— Alex McCarthy

10:45 a.m.

Gov. Mike Dunleavy is here, talking about his constitutional amendments that underline his fiscal plan.

One is a spending limit and savings plan to limit how much money the Legislature can spend. Another is to ensure that the Permanent Fund Dividend can’t be changed without a vote from the people. Another is to make sure that taxes can’t change without a vote from the people.

The main point, he says, is to get people involved up front instead of having them being at the Legislature’s mercy. He said he believes the state’s government is here to serve the people and give them a voice.

“We’re limiting the Legislature,” Dunleavy says. “That’s the purpose of the Constitution.”

We’ll have more later on the specifics of these amendments.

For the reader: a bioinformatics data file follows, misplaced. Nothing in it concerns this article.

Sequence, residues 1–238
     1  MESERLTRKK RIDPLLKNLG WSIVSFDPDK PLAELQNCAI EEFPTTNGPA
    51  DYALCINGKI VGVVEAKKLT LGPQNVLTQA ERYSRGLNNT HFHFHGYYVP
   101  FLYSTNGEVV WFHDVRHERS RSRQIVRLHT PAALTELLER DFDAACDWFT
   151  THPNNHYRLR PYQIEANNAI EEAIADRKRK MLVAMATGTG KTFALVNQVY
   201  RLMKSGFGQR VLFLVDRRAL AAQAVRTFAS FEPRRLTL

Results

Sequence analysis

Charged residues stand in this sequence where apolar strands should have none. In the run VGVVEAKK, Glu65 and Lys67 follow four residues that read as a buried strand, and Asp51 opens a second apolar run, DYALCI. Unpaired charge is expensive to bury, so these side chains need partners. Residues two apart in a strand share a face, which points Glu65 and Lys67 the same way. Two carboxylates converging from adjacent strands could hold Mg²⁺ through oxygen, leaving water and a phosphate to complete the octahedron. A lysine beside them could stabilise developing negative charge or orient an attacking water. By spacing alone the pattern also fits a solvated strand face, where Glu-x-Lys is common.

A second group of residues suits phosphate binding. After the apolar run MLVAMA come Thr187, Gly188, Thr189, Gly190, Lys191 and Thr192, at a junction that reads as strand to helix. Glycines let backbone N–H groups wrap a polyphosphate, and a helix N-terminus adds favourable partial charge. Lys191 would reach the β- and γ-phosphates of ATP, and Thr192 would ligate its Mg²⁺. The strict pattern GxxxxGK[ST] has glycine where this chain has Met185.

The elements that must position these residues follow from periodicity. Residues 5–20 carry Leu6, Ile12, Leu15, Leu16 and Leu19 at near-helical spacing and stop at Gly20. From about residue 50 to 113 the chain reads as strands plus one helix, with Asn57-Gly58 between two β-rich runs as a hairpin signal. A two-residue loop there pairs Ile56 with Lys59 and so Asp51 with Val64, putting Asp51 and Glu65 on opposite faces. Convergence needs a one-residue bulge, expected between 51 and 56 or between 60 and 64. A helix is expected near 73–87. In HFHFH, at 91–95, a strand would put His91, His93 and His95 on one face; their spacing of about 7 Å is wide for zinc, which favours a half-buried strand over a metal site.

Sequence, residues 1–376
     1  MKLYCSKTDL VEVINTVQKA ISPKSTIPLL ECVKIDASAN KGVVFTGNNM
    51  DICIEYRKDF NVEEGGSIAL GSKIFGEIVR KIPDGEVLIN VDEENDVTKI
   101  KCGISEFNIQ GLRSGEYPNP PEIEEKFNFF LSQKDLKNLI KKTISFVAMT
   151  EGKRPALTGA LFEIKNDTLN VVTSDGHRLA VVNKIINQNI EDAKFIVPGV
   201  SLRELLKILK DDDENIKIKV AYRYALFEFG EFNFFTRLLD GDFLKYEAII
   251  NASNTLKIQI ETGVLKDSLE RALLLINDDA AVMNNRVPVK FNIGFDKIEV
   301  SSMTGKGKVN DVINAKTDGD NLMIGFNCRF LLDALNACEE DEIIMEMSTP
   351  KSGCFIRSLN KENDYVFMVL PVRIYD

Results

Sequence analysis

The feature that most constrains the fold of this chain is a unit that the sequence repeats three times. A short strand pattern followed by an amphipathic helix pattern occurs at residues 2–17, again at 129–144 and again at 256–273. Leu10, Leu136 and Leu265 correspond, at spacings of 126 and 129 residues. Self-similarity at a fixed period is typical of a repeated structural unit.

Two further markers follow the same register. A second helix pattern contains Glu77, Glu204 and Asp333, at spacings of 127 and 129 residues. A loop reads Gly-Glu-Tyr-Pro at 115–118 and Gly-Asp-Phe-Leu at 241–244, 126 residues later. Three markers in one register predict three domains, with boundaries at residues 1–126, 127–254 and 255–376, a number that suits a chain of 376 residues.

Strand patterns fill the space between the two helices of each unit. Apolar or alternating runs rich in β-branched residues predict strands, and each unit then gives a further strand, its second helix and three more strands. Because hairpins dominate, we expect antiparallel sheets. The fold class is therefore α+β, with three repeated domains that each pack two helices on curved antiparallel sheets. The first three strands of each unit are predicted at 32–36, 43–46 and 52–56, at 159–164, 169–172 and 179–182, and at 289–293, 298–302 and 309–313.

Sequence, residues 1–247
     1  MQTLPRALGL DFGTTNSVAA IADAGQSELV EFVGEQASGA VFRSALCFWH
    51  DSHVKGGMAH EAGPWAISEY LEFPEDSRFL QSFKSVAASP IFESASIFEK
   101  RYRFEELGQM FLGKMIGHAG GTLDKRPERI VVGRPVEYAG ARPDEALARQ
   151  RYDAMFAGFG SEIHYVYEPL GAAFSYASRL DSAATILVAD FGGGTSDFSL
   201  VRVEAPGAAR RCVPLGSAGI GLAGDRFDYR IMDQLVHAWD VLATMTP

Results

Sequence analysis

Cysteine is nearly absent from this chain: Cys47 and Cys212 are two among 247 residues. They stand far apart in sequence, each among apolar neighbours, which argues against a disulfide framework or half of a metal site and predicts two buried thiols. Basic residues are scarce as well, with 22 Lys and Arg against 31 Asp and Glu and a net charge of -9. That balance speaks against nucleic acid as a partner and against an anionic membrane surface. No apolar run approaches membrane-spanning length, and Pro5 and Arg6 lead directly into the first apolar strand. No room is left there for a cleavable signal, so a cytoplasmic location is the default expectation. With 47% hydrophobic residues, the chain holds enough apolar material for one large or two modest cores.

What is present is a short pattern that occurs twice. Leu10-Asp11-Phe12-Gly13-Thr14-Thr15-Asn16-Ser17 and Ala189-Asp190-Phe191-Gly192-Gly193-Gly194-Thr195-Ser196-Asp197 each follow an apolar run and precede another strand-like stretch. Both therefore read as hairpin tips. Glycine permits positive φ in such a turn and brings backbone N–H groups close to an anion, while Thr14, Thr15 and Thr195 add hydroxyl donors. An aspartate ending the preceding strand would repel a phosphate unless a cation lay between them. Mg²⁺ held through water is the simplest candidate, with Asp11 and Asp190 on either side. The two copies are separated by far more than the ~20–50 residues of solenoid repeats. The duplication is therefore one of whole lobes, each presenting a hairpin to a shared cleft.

Dunleavy announced the amendments to the public via this video:

— Alex McCarthy

10:30 a.m.

The Alaska House has adjourned until Friday. That marks day 16 of session without a House majority. It seems nobody in the hallways at the Alaska State Capitol is surprised.

Reps talking, but House still unsettled

− Kevin Baird

10:07 a.m.

The House gaveled in at 10:07 a.m. this morning. Reps. Adam Wool and Colleen Sullivan-Leonard are absent today.

— Kevin Baird

8:50 a.m.

It should be an interesting morning here at the Capitol. Starting at 9 a.m., the Senate Finance Committee will hear a presentation on the state’s retirement systems. That will come from Director of Retirement and Benefits Ajay Desai and Director of Personnel and Labor Relations Kate Sheehan.

[Starved for recruits, Alaska police pin blame on retirement system]